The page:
Name                  Content          Number
                 ____________________    ___________________    ______

    Entry 1      Insulin Impairements    SimBiology variants      5   
    x Entry 2    dose                    SimBiology dose          1   

  See also Expression property.

Create a SimFunction object to simulate the generated scenarios. Use the Scenarios object as the input and specify the plasma glucose and insulin concentrations as reponses (outputs of the function to be plotted). Specify [] for the dose input argument since the Scenarios object already has the dosing information.

f = createSimFunction(m1,sObj,{'[Plasma Glu Conc]','[Plasma Ins Conc]'},[])
f = 
SimFunction

Parameters:

                Name                Value         Type                            Units                   
    ____________________________    ______    _____________    ___________________________________________

    {'Plasma Volume (Glu)'     }      1.88    {'parameter'}    {'deciliter'                              }
    {'k1'                      }     0.065    {'parameter'}    {'1/minute'                               }
    {'k2'                      }     0.079    {'parameter'}    {'1/minute'                               }
    {'Plasma Volume (Ins)'     }      0.05    {'parameter'}    {'liter'                                  }
    {'m1'                      }      0.19    {'parameter'}    {'1/minute'                               }
    {'m2'                      }     0.484    {'parameter'}    {'1/minute'                               }
    {'m4'                      }    0.1936    {'parameter'}    {'1/minute'                               }
    {'m5'                      }    0.0304    {'parameter'}    {'minute/picomole'                        }
    {'m6'                      }    0.6469    {'parameter'}    {'dimensionless'                          }
    {'Hepatic Extraction'      }       0.6    {'parameter'}    {'dimensionless'                          }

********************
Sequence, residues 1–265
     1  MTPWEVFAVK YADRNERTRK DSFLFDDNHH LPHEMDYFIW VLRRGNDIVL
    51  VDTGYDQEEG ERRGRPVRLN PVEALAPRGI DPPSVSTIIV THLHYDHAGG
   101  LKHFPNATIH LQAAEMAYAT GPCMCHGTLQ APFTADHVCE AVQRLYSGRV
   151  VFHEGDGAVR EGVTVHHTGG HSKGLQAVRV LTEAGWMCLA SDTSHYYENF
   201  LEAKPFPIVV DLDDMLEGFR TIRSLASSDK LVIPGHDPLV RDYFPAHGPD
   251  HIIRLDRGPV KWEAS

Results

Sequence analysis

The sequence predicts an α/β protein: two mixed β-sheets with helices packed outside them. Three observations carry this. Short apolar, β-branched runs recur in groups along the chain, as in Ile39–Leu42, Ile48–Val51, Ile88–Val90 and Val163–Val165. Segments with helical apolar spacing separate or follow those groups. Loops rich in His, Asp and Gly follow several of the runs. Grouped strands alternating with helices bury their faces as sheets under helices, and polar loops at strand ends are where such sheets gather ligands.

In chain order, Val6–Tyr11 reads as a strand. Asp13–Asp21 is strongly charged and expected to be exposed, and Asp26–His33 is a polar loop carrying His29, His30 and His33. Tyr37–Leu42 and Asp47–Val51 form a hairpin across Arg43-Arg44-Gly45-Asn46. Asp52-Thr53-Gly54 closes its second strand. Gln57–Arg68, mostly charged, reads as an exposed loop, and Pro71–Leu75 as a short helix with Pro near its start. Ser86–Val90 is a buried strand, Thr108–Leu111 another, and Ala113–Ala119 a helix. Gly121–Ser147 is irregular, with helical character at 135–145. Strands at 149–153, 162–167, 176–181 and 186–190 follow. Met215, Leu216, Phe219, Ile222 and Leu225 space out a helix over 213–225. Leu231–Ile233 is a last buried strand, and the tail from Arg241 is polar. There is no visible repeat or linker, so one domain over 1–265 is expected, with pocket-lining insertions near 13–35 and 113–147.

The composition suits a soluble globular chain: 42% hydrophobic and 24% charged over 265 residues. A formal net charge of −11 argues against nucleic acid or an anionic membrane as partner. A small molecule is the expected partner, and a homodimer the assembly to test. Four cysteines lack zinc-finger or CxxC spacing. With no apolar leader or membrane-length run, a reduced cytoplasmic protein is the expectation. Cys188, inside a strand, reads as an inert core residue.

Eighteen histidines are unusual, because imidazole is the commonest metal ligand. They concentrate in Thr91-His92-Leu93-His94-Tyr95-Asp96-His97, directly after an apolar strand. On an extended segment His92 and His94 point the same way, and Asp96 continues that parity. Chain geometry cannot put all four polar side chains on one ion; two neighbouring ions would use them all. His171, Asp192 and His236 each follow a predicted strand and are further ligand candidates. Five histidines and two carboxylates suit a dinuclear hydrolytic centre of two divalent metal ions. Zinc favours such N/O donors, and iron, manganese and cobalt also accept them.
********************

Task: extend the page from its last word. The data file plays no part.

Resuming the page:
{'kmax'                    }    0.0558    {'parameter'}    {'1/minute'                               }
    {'kmin'                    }     0.008    {'parameter'}    {'1/minute'                               }
    {'kabs'                    }    0.0568    {'parameter'}    {'1/minute'                               }
    {'kgri'                    }         0    {'parameter'}    {'1/minute'                               }
    {'f'                       }       0.9    {'parameter'}    {'dimensionless'                          }
    {'a'                       }         0    {'parameter'}    {'1/milligram'                            }
    {'b'                       }      0.82    {'parameter'}    {'dimensionless'                          }
    {'c'                       }         0    {'parameter'}    {'1/milligram'                            }
    {'d'                       }      0.01    {'parameter'}    {'dimensionless'                          }
    {'Stomach Glu After Dosing'}        78    {'parameter'}    {'gram'                                   }
    {'kp1'                     }       2.7    {'parameter'}    {'milligram/minute'                       }
    {'kp2'                     }    0.0021    {'parameter'}    {'1/minute'                               }
    {'kp3'                     }     0.009    {'parameter'}    {'(milligram/minute)/(picomole/liter)'    }
    {'kp4'                     }    0.0618    {'parameter'}    {'(milligram/minute)/picomole'            }
    {'ki'                      }    0.0079    {'parameter'}    {'1/minute'                               }
    {'[Ins Ind Glu Util]'      }         1    {'parameter'}    {'milligram/minute'                       }
    {'Vm0'                     }    2.5129    {'parameter'}    {'milligram/minute'                       }